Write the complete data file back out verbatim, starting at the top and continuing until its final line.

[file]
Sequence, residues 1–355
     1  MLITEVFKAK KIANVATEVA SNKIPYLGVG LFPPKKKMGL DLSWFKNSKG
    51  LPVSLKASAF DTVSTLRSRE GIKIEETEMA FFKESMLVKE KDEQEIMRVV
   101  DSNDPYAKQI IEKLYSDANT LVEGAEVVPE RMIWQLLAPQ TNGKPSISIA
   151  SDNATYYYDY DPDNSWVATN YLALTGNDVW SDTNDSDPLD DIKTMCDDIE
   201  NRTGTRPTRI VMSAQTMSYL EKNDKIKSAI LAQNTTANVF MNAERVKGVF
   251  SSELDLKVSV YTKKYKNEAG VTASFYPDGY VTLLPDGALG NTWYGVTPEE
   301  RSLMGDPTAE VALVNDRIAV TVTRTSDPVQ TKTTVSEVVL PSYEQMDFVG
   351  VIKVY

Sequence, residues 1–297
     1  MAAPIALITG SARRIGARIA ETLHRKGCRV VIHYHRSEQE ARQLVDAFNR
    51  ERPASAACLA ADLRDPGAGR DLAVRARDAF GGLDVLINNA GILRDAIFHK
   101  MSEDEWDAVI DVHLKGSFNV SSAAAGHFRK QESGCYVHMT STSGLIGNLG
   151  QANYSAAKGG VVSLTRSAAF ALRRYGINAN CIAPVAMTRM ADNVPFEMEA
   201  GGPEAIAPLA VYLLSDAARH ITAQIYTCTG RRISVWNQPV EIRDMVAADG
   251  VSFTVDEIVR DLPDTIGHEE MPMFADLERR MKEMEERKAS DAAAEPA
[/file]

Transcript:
Sequence, residues 1–355
     1  MLITEVFKAK KIANVATEVA SNKIPYLGVG LFPPKKKMGL DLSWFKNSKG
    51  LPVSLKASAF DTVSTLRSRE GIKIEETEMA FFKESMLVKE KDEQEIMRVV
   101  DSNDPYAKQI IEKLYSDANT LVEGAEVVPE RMIWQLLAPQ TNGKPSISIA
   151  SDNATYYYDY DPDNSWVATN YLALTGNDVW SDTNDSDPLD DIKTMCDDIE
   201  NRTGTRPTRI VMSAQTMSYL EKNDKIKSAI LAQNTTANVF MNAERVKGVF
   251  SSELDLKVSV YTKKYKNEAG VTASFYPDGY VTLLPDGALG NTWYGVTPEE
   301  RSLMGDPTAE VALVNDRIAV TVTRTSDPVQ TKTTVSEVVL PSYEQMDFVG
   351  VIKVY

Sequence, residues 1–297
     1  MAAPIALITG SARRIGARIA ETLHRKGCRV VIHYHRSEQE ARQLVDAFNR
    51  ERPASAACLA ADLRDPGAGR DLAVRARDAF GGLDVLINNA GILRDAIFHK
   101  MSEDEWDAVI DVHLKGSFNV SSAAAGHFRK QESGCYVHMT STSGLIGNLG
   151  QANYSAAKGG VVSLTRSAAF ALRRYGINAN CIAPVAMTRM ADNVPFEMEA
   201  GGPEAIAPLA VYLLSDAARH ITAQIYTCTG RRISVWNQPV EIRDMVAADG
   251  VSFTVDEIVR DLPDTIGHEE MPMFADLERR MKEMEERKAS DAAAEPA